When you’re not the biggest fish in the pond, scaling is everything. But as Marty Halphen of The Fruit Box reveals, scaling a business needs to be done right or not at all.
“We don’t want that way of thinking to go away because it keeps us hungry … The way we look at it, it just incentivises us to actually keep on improving and getting bigger and growing in the right direction.”
Returning to the My Business Podcast, Marty reveals the driving forces behind growing The Fruit Box nationally, the ways in which he engaged wholesalers to create a marketplace unique to the business, as well as the steps he took to successfully adapt the business to target markets and connect with consumers.
Tune in as he explores:
- Why a business is only as good as its last delivery
- His approach to scaling a business that is realistic and sustainable
- How he unites his 250-strong team from multiple locations nationwide
- The importance of continued learning and development as a business owner
And much more!
Adam: Thanks for tuning into the My Business podcast. It's Adam Zuchetti here, the Editor of My Business. I'm joined by my regular co-host Andy Scott.
Andy: Hello, Adam.
Adam: Hi Andy. We've got someone else back in the studio making his return. He's gone from 300 customers in suburban Melbourne to 30,000 orders a week, with turnover in excess of $50 million. For those of you who haven't heard before, we had Marty Halphen of The Fruit Box Group in a little while ago. He was talking about his business and some of the initiatives there. Marty, I was keen to get you back into the studio to explore some of the different aspects that we didn't get to cover before. Thanks so much for coming back again. In terms of your suppliers, in particular, being a delivery service you're essentially a logistics service and you're dealing with a number of different suppliers from all around the country. It must be a really big challenge to, I suppose, find them in the outset, but then to manage them on a day-to-day basis. How do you actually manage all that?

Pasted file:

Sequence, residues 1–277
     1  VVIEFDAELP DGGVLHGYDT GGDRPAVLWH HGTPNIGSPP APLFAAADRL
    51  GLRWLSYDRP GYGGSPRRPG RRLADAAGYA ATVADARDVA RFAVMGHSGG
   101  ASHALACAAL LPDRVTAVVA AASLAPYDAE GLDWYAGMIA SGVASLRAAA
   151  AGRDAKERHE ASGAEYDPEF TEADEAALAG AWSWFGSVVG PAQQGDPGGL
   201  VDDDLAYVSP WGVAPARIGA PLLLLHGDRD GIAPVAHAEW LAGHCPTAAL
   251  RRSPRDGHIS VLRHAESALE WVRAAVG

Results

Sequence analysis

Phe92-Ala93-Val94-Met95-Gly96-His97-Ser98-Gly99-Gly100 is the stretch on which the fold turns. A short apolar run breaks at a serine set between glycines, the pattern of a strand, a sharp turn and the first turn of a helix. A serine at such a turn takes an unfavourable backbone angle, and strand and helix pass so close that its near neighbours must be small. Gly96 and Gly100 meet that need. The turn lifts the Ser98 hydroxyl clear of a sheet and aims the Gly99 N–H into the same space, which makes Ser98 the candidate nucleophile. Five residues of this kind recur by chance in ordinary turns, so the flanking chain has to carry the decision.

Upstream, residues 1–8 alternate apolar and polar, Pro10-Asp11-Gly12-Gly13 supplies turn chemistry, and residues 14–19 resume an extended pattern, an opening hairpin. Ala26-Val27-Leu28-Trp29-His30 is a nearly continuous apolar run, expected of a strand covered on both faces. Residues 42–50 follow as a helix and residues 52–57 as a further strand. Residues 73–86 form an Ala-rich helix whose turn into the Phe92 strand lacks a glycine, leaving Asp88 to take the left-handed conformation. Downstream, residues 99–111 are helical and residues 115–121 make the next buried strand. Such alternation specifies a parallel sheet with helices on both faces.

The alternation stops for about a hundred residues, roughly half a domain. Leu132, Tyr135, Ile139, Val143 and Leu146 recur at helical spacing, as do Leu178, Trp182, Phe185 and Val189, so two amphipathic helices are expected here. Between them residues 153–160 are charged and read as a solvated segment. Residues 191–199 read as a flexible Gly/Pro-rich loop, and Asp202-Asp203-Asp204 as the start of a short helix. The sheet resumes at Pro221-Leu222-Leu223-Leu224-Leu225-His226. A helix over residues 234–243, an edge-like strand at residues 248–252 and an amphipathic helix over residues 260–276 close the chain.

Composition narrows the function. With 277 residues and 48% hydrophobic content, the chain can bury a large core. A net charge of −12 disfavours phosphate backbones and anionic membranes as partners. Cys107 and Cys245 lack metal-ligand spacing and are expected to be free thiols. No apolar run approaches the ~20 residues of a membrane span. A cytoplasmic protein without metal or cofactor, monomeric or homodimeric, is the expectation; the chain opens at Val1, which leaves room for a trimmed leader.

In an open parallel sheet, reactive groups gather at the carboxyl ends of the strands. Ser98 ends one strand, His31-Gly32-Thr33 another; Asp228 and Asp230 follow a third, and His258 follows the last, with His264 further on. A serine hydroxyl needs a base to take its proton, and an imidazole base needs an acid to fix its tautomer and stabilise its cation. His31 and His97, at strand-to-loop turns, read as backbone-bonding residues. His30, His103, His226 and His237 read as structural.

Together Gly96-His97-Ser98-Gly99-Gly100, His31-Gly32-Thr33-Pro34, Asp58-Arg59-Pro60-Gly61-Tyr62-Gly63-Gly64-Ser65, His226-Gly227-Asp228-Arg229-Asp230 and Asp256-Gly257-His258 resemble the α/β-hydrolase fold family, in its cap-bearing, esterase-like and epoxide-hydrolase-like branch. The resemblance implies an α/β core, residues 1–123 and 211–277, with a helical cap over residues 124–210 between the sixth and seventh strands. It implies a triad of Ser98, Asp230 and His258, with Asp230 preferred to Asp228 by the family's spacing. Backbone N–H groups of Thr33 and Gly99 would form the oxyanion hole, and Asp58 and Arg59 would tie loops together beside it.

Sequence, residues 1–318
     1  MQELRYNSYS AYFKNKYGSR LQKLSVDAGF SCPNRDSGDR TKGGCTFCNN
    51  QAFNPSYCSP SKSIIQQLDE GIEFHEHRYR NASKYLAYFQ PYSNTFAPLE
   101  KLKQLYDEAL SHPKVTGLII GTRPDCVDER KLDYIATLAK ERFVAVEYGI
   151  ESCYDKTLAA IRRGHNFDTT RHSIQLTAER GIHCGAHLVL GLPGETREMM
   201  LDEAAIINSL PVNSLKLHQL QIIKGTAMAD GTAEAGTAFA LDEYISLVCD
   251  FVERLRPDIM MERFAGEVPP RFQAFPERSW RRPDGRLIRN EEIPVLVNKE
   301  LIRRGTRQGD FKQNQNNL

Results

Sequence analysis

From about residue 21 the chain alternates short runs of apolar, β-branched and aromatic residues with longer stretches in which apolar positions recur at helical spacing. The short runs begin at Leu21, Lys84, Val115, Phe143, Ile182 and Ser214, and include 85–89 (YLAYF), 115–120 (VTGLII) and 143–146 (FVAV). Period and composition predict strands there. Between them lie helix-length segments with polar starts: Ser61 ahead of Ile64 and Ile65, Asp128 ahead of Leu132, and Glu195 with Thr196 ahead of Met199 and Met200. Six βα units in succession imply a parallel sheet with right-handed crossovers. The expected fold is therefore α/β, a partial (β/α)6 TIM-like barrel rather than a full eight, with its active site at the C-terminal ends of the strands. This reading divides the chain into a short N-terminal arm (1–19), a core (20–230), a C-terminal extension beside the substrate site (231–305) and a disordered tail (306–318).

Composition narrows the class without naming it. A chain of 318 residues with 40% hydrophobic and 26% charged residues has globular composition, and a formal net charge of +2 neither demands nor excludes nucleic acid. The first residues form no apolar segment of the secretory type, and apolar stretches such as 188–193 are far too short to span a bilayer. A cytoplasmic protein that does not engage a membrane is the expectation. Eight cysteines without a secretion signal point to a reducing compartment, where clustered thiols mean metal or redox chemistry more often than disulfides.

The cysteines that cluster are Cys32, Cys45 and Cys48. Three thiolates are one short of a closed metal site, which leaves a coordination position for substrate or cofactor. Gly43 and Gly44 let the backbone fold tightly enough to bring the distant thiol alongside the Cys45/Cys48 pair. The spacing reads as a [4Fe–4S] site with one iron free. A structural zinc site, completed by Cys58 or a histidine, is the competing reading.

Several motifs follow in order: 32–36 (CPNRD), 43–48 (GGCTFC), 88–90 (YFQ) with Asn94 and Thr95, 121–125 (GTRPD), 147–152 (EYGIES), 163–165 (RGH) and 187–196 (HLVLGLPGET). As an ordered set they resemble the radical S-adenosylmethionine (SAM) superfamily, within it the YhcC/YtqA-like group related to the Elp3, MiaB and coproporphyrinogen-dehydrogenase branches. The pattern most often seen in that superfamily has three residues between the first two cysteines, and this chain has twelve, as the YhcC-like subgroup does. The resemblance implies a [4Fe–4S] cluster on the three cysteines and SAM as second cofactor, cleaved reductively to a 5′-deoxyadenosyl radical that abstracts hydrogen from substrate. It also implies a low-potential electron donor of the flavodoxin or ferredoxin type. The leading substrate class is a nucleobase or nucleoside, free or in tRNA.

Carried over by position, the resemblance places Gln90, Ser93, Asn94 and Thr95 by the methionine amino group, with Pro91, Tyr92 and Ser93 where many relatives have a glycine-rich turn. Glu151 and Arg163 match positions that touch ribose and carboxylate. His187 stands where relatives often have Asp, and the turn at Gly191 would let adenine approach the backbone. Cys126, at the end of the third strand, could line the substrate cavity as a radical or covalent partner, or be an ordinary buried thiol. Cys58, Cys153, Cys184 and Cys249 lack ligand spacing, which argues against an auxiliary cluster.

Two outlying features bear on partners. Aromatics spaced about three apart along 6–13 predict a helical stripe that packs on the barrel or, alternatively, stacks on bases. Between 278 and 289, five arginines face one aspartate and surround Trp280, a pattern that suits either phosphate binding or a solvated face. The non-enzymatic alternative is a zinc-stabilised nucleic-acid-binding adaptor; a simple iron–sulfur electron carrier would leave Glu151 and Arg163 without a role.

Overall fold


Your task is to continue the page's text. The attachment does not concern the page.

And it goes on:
Marty: Well, half our business is with fruit, so we have a national buying team that operates in each of the wholesale markets of the big states, Melbourne, Sydney, Brisbane, Adelaide and Perth. What happens is there's multiple suppliers for each line of fruit and what happens is that we would probably tend to deal with three or four different wholesalers or agents per product line in each of those states. The way in which it happens in the markets is it's quite an honour system, is that you're only really as good as your last delivery. If your delivery's no good, the supplier knows that you could go to a multiple number of other vendors. The way in which it works with us is that we have developed over many years a market within a market of a whole lot of suppliers that we dealing with on each line in all the markets. We like to think that they feel as if they've got a stakeholding in our business and then what happens is that through trust and nurturing relationships and generally dealing with people over a long period of time, is that there's a dependability and a reliability that we've built.
With milk, which is very different, it's consolidated through one supplier. We deal with Lion. Our product is brands like Pura in the southern states and Dairy Farmers in the northern states. That generally works off a contractual basis.
You have very, very different scenarios with each of our product lines. One's consolidated and contractual and the other is basically every week's a different week.
Andy: You mention that you've obviously evolved with multiple partners and multiple suppliers to work with the business. I'm sure there was, as we spoke about in your last podcast, you were doing 27 hour days and the business wasn't turning much money. You were doing everything you can. At that stage, were you finding with suppliers that if things weren't being delivered, because that was going to affect your business, was that then, "Yeah, we're partners, mate. It's all right," or were you irate? Did you have to learn to change that relationship or did it just happen with scale and size.